Dream with me, will you?

Well, daydream, anyway.

It’s July 4th. The whole family is there. You’re cooking out. There are hamburgers and hotdogs and lemonade and ice tea and soft drinks. There’s watermelon and chips and pickles and potato salad and egg salad. You load your hot dog with chili and mustard and pickles and onions and cheese, but just leave the bun behind. You pile your plate with the egg salad you brought instead of potato salad, and pickles and pork rinds (YES!). You oooh and ahh with everyone over Aunt Patrice’s 4th of July cake with all the colors, and you have a slice of Susan’s blueberry pie and eat all the delicious filling, leaving the crust crumbled behind, and you bring piles of appropriately-colored raspberries and blueberries with whirls of whipped cream on top as your dessert.

Everyone has a good time, you brought some food that you could eat–but everyone else could also enjoy–and no one notices you or thinks you’re odd.

But let’s say that instead you bring the kale chips (Really! They’re just as good! You put some salt and olive oil on them and you can’t tell the difference…), and the almond coconut flour “Doritos”, and the almond and flax meal “cake” that didn’t quite rise properly and looks pretty sad there next to Aunt Patrice’s, and the heritage grains pie with the crust that cracks like pieces of drywall and doesn’t have any sugar in it (“it tastes just as good without!” you feebly intone…)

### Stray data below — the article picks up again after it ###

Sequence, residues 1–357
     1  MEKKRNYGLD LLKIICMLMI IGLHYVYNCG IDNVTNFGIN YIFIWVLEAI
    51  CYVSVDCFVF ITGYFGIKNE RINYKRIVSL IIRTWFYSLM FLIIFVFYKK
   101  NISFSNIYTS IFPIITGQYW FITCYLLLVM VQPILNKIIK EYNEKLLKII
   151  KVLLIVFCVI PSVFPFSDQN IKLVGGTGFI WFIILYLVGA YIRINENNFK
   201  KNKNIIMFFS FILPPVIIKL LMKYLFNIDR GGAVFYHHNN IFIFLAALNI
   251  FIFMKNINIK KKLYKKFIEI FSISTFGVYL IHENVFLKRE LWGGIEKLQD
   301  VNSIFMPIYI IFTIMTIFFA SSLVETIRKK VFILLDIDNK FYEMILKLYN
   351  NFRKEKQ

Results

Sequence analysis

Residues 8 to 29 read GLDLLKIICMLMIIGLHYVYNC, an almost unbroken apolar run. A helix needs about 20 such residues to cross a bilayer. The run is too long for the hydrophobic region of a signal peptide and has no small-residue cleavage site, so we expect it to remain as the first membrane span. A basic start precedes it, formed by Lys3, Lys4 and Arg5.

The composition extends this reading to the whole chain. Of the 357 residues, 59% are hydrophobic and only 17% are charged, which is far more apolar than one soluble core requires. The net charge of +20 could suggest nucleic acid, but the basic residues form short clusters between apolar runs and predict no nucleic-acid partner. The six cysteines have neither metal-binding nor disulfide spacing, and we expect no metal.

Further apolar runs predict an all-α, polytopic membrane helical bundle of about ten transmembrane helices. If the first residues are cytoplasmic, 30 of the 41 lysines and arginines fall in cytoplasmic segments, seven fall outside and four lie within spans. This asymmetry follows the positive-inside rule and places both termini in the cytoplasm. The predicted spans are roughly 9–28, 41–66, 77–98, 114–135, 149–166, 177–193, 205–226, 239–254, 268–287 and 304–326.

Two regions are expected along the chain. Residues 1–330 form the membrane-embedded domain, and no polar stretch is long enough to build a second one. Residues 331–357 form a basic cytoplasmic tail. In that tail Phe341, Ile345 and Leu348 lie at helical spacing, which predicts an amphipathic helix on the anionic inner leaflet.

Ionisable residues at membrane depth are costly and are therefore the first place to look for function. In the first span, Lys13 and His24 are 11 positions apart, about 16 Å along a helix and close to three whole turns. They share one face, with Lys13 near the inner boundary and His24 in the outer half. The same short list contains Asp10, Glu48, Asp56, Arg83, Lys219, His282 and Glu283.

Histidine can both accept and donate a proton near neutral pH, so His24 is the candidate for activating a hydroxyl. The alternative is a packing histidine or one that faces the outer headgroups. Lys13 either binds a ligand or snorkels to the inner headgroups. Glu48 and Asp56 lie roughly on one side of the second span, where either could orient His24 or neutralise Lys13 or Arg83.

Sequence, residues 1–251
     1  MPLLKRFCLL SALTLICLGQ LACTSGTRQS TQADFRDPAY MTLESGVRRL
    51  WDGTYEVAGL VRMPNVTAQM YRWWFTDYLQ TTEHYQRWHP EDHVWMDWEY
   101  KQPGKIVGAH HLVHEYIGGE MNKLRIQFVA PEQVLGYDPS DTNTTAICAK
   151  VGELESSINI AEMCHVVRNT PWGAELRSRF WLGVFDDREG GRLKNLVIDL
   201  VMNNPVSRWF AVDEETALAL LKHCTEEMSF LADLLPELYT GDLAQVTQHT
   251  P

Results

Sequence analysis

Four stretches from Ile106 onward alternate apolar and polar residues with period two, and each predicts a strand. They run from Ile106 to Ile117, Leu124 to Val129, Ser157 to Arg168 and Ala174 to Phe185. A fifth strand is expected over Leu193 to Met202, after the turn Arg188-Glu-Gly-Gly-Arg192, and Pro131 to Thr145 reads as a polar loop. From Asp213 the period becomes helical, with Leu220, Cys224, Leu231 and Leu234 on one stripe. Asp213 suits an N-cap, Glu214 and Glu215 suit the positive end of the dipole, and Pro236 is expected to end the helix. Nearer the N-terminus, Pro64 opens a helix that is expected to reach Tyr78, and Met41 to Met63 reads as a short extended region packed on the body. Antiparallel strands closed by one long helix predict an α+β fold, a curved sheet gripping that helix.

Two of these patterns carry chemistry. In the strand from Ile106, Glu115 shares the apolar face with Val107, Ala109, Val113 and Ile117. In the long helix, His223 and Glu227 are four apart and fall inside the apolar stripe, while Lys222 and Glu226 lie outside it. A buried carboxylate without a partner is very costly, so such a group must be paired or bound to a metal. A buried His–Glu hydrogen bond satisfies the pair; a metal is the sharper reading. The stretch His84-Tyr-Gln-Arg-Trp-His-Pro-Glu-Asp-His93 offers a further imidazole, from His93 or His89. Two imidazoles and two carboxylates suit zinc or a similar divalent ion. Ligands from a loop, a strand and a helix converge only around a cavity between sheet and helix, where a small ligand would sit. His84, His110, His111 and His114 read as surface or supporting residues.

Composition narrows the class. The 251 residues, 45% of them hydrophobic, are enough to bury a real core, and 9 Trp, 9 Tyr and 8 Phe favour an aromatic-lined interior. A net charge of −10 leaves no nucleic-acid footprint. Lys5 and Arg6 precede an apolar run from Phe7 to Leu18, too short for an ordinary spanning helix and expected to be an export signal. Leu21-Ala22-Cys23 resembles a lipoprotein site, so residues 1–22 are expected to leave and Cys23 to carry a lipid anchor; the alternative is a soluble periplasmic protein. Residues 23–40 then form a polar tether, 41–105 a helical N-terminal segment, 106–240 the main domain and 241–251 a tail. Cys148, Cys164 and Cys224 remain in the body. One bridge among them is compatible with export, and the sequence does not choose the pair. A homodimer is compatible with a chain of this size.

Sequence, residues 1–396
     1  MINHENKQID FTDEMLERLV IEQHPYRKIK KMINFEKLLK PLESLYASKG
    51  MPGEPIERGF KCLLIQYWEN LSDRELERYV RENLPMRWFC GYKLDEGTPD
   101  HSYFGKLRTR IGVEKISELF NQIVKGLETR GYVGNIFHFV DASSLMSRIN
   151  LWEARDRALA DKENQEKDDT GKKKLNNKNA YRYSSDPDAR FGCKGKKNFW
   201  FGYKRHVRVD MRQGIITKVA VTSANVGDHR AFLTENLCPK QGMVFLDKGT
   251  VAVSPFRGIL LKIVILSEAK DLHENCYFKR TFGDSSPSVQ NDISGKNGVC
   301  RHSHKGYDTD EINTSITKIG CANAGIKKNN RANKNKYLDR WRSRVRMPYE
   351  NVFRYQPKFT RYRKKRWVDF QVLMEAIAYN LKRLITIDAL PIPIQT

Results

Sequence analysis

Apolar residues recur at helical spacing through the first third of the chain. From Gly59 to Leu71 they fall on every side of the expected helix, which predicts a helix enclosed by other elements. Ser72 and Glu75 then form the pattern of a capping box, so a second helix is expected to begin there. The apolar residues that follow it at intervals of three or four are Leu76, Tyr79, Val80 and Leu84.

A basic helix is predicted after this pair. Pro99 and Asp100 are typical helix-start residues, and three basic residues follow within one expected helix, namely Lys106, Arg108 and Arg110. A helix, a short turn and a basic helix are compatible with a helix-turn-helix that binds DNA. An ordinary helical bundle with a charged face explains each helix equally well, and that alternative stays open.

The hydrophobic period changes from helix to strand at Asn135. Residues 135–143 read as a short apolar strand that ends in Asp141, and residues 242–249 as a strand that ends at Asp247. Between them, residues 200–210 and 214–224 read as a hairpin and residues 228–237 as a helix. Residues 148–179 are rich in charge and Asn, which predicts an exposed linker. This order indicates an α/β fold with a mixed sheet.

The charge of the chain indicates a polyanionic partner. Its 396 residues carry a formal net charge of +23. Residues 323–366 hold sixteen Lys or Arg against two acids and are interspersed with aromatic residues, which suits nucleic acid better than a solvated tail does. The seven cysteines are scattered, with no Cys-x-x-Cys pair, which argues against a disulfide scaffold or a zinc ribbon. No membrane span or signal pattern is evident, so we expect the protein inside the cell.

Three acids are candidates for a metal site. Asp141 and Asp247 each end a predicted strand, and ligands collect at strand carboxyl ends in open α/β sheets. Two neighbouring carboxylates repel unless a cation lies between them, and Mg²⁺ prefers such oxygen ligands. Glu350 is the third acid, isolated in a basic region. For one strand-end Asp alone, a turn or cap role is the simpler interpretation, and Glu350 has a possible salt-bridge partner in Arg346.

Now people don’t know what to say to you, no one wants to eat the tasteless stuff you brought, and everyone thinks you’re weird.

Let’s try another holiday. It’s Thanksgiving. You pile your plate with turkey and green beans swimming in sour cream (easily leaving behind the french fried onions), olives and fancy cheeses and some spicy sweet potatoes, deftly avoiding the marshmallow brown sugar bomb stuff, and even some amazing cranberry compote you made by cooking cranberries and grapes together. You have some salad and maybe some nuts, too. Maybe some squash casserole with Parmesan and lots of butter. For dessert, you happily accept a wedge of delicious pumpkin pie, eating the insides out of the crust, perhaps with a side of that chocolate pumpkin mousse you brought and lots of whipped cream.

You’re full; you had some treats to celebrate the holiday without setting yourself back three weeks (just maybe a day or two). Everyone enjoyed the things you brought, and it’s Thanksgiving: everyone has to pick and choose what they’ll eat. No one notices what you don’t eat.

But what if you brought the low-carb bread stuffing, and the sugar-free cranberry jello that just doesn’t quite taste right, and mashed cauliflower instead of potatoes? Chickpea crepes? That Splenda and almond flour-frosted pumpkin bar? Amaranth pie? The quinoa stuffing???!!!

Now people hate you and are making mental notes to just ask you to bring drinks next year.


Plato says he’s hungry

Help us keep paying for this site and feeding the dogs.


2 thoughts on “What Do You Eat? Part 2

  1. Another factor in this is the $$$$. All those fake desserts, gluten free, heritage grain, almond flour, etc carries all the negatives you have just described and at 3 times the price! Same with Atkins approved candy So on top of all the draw backs here noted you can also add paying vastly more to eat that crap.

    1. This all is all is awesome except one thing. . . Kale chips are DELICIOUS!!!!! They are not potato chips but covered in fresh garlic, salt and olive oil they are wonderful.